I had no previous experience in 3D design, but it was a chance to work some new skills. I also don't have access to a 3D printer yet. So this will be a real challenge.
My main goal is to develop an enclosure to be printed.
The purpose is to mix new technology with a vintage look and feel. But I also want to make the enclosure the smallest possible and without unnecessary cutouts. The only cutouts available are the power chord and the audio out (but it can be eliminated with a Bluetooth USB setup).
It took me endless nights to figure out how to use the software to model the ideas I had, but it made me really excited with the end result. I really want to build one for myself. Hope you all like this project.
Upgrades from original project
This enclosure was intended to have the minimal amount of wires and cutouts going outside so some upgrades were suggested:
Replace the Ethernet cable with a mini USB Wi-Fi dongle.
Use a Rotary Pot w/ switch to turn on/off and adjust the volume (optional)
Use a 360° Rotary Encoder to change between stations (optional)
Use the same power supply to power the Arduino & R-Pi
The LCD buttons were placed in a horizontal line to maintain the vintage look'n feel. To accomplish this some mechanical arrangement was needed.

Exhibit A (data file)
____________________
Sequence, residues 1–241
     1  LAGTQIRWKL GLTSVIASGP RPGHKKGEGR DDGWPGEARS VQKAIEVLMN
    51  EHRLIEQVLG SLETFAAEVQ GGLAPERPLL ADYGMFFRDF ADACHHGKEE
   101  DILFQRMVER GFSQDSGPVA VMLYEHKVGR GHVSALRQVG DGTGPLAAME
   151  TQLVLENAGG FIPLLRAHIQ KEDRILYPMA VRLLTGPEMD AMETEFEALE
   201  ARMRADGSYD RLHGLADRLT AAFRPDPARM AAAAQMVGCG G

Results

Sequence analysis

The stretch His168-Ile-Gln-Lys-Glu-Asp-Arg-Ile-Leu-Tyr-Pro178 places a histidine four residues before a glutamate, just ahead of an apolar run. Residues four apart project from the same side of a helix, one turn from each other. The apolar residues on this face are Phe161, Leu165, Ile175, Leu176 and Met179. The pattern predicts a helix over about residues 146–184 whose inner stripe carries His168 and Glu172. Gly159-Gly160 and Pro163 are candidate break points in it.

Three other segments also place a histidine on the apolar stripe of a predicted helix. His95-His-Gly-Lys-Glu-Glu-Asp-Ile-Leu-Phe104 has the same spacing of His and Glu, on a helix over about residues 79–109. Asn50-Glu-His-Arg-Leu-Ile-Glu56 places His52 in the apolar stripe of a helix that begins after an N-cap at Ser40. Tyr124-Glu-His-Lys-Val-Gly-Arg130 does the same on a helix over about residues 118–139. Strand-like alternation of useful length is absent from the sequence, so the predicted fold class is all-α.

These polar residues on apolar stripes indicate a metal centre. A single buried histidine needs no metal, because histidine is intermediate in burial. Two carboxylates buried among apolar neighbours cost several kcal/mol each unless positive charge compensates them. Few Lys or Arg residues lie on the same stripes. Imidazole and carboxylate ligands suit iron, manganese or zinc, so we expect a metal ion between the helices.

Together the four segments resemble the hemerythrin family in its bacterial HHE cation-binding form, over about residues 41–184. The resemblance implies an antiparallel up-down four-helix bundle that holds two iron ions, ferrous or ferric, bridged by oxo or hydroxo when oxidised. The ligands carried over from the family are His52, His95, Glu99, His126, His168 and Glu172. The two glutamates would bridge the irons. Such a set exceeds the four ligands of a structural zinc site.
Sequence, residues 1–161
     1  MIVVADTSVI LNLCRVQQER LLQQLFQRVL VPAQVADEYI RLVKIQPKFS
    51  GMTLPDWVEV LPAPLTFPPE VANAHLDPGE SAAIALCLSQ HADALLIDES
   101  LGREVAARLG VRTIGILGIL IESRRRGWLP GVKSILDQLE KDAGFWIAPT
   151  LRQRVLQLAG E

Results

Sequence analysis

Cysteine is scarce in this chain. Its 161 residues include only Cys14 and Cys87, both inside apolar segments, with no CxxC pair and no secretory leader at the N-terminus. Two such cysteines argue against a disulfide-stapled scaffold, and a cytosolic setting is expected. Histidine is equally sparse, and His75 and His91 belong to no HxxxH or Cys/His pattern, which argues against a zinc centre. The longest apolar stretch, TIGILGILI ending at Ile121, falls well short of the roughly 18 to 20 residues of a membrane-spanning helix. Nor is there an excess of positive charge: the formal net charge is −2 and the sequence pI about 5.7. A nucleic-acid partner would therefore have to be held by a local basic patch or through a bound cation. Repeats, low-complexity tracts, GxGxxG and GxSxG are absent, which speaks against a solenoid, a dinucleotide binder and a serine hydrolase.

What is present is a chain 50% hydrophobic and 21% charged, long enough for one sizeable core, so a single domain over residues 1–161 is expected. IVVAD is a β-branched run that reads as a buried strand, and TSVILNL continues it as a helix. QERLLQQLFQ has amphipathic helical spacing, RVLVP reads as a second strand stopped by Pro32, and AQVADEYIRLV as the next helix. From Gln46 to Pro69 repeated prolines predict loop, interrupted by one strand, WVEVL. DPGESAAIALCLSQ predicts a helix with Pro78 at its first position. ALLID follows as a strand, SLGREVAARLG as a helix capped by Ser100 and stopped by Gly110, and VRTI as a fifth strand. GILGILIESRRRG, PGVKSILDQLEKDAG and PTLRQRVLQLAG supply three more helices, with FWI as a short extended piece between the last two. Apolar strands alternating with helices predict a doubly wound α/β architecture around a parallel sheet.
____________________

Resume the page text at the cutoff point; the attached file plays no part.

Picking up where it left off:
The rotary controls in the front are optional, you can avoid them and just glue the round knobs in place to compose the visual. They were modeled from the datasheets, so if you want to replace them with other similar parts, be careful to check if you will need to tweak the design. Note: I searched Digikey for the cheapest components available with the desired functions, so buying them will not hurt any pocket.
The pot is dual function: a switch to power the radio on and a volume control. The initial position is turned off, then when you start to turn it “clicks”, closing the circuit and powering the boards. As you keep turning, the analog value of the pot can be read to adjust the volume from 0% (0V) to 100% (5V).
The encoder works as a tuner. It spins freely in any direction to simulate old style radio tuners. The idea here is to cycle between the stored stations (forward or backward if you turn clockwise or anti-clockwise, respectively). The component also have a switch action that can be used to select the desired station. As a bonus you can play a radio static/station search sound (example) while the new station is not selected.
I am an experienced technical writer with a Master's degree in computer science from BZU Multan University. I have written for various industries, mainly home automation, and engineering. I have a clear and simple writing style and am skilled in using infographics and diagrams. I am a great researcher and is able to present information in a well-organized and logical manner.
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